3. Muraközy, Balázs & Hornok, Cecília, 2015. "Magyar vállalatok haszonkulcsai
      [Mark-ups of Hungarian firms]
      ," Közgazdasági Szemle (Economic Review - monthly of the Hungarian Academy of Sciences), Közgazdasági Szemle Alapítvány (Economic Review Foundation), vol. 0(10), pages 1048-1069.
    4. Fromenteau, Philippe & Schymik, Jan & Tscheke, Jan, 2016. "Import Competition and the Composition of Firm Investments," Discussion Papers in Economics 29654, University of Munich, Department of Economics.
    5. David Atkin & Azam Chaudhry & Shamyla Chaudry & Amit K. Khandelwal & Eric Verhoogen, 2017. "Organizational Barriers to Technology Adoption: Evidence from Soccer-Ball Producers in Pakistan," The Quarterly Journal of Economics, Oxford University Press, vol. 132(3), pages 1101-1164.
    6. Békés, Gábor & Hornok, Cecília & Muraközy, Balázs, 2016. "Globalization and the markups of European firms," Kiel Working Papers 2044, Kiel Institute for the World Economy (IfW).
    7. Erbahar, Aksel & Zi, Yuan, 2017. "Cascading trade protection: Evidence from the US," Journal of International Economics, Elsevier, vol. 108(C), pages 274-299.
    8. Ciarli, Tommaso & Valente, Marco, 2016. "The complex interactions between economic growth and market concentration in a model of structural change," Structural Change and Economic Dynamics, Elsevier, vol. 38(C), pages 38-54.
    9. Sarantis Kalyvitis, 2015. "Who exports high-quality products? Some empirical regularities from Greek exporting firms," Working Papers 201, Bank of Greece.
    10. Chen Yeh, 2017. "Are firm-level idiosyncratic shocks important for U.S. aggregate volatility?," Working Papers 17-23, Center for Economic Studies, U.S. Census Bureau.
    11. Chen Yeh, 2016. "Are firm-level idiosyncratic shocks important for U.S. aggregate volatility?," Working Papers 16-47, Center for Economic Studies, U.S. Census Bureau.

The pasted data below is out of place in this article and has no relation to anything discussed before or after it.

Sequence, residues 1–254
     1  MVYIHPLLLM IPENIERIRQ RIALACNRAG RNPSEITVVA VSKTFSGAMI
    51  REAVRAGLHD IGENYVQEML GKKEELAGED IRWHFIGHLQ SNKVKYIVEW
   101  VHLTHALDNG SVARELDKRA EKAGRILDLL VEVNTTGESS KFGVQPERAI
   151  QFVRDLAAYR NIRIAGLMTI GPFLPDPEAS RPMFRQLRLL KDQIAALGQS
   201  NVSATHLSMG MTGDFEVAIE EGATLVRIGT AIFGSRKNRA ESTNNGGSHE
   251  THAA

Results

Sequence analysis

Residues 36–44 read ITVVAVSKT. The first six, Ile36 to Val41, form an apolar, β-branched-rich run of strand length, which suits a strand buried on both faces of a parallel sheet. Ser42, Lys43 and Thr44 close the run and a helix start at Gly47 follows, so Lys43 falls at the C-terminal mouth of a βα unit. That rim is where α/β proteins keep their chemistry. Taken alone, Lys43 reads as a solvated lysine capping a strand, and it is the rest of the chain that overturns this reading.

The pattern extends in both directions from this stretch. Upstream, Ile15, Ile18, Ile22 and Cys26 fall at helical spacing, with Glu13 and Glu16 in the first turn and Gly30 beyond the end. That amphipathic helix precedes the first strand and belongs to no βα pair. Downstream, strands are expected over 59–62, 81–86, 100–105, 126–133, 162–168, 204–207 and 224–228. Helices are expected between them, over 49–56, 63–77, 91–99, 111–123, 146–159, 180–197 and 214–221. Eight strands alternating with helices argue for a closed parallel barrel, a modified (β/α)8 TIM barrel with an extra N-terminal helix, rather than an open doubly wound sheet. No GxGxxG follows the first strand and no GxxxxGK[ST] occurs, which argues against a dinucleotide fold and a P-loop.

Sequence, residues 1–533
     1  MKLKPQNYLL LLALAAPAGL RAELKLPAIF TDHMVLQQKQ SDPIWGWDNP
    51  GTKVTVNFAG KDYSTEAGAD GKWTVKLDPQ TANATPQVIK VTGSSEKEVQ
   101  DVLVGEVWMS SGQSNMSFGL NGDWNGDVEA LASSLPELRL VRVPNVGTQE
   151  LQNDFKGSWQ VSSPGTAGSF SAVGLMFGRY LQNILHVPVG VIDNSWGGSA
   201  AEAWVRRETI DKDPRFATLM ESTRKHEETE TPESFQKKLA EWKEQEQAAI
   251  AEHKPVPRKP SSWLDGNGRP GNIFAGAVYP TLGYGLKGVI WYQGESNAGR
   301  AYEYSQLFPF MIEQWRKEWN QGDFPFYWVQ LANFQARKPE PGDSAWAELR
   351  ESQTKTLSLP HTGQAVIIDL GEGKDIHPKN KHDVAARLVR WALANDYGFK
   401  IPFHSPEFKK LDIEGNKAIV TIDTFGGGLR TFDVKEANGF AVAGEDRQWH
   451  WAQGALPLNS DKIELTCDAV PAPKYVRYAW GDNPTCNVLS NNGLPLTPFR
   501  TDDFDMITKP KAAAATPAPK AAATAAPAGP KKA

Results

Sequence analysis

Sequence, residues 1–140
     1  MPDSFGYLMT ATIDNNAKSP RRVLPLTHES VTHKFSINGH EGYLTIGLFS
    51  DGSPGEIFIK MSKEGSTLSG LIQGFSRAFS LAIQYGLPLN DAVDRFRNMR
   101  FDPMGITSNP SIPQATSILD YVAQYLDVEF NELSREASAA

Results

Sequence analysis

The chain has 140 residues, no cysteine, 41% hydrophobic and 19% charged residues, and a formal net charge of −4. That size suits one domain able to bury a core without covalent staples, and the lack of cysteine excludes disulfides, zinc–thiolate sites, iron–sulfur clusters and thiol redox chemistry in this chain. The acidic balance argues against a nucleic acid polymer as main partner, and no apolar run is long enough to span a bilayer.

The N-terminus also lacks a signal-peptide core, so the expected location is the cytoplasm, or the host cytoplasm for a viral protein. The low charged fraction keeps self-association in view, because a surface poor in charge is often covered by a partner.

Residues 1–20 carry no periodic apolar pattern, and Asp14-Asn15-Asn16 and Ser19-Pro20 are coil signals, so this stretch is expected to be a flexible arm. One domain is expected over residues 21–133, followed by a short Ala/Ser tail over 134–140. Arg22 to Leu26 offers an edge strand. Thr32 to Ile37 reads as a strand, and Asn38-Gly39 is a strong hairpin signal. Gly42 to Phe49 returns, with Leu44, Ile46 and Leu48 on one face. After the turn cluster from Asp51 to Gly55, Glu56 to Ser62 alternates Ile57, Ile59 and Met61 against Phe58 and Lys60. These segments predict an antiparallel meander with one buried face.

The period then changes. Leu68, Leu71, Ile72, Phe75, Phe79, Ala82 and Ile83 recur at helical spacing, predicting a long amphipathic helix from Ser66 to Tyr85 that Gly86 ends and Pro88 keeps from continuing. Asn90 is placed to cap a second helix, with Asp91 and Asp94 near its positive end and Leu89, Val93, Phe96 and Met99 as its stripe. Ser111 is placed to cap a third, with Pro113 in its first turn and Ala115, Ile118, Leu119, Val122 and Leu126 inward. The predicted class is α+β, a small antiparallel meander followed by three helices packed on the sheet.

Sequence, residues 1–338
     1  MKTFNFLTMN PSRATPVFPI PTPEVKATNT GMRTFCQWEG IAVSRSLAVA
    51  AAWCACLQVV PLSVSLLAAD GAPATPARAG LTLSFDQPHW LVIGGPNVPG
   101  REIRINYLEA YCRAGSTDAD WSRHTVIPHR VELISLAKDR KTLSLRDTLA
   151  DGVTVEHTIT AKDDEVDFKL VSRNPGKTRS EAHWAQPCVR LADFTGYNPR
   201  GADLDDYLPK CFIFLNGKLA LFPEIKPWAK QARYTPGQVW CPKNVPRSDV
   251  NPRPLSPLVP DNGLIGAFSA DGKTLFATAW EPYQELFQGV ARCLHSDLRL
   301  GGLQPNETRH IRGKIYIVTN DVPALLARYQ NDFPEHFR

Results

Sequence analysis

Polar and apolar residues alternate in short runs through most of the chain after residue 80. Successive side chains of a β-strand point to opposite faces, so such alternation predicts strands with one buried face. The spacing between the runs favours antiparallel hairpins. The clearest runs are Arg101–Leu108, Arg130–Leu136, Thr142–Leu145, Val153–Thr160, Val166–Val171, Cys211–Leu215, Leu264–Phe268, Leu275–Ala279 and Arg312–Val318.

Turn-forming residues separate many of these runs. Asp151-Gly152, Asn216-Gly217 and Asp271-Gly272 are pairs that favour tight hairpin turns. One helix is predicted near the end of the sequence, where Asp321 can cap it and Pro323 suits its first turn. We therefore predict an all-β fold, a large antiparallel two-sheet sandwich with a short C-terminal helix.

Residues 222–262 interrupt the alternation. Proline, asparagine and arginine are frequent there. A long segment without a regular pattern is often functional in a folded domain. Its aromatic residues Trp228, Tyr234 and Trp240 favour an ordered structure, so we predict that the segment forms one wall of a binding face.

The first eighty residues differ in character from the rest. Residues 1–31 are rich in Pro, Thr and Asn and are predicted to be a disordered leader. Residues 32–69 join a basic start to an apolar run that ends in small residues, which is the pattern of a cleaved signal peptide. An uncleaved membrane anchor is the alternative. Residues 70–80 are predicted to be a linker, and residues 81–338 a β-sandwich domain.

12. Catherine Y. Co & Thu Kim Nguyen & Tung Nhu Nguyen & Que Nguyet Tran, 2017. "The missing middle: Growing and strengthening Viet Nam’s micro, small, and medium-sized enterprises," WIDER Working Paper Series 072, World Institute for Development Economic Research (UNU-WIDER).

    More about this item

    JEL classification:

    • F1 - International Economics - - Trade
    • L1 - Industrial Organization - - Market Structure, Firm Strategy, and Market Performance
    • O25 - Economic Development, Innovation, Technological Change, and Growth - - Development Planning and Policy - - - Industrial Policy

    Statistics

    Access and download statistics

    Corrections

    All material on this site has been provided by the respective publishers and authors. You can help correct errors and omissions. When requesting a correction, please mention this item's handle: RePEc:nbr:nberwo:20868. See general information about how to correct material in RePEc.

    For technical questions regarding this item, or to correct its authors, title, abstract, bibliographic or download information, contact: () or (Joanne Lustig). General contact details of provider: http://edirc.repec.org/data/nberrus.html .

    If you have authored this item and are not yet registered with RePEc, we encourage you to do it here. This allows to link your profile to this item. It also allows you to accept potential citations to this item that we are uncertain about.

    If CitEc recognized a reference but did not link an item in RePEc to it, you can help with this form .

    If you know of missing items citing this one, you can help us creating those links by adding the relevant references in the same way as above, for each refering item. If you are a registered author of this item, you may also want to check the "citations" tab in your RePEc Author Service profile, as there may be some citations waiting for confirmation.

    Please note that corrections may take a couple of weeks to filter through the various RePEc services.

    IDEAS is a RePEc service hosted by the Research Division of the Federal Reserve Bank of St. Louis . RePEc uses bibliographic data supplied by the respective publishers.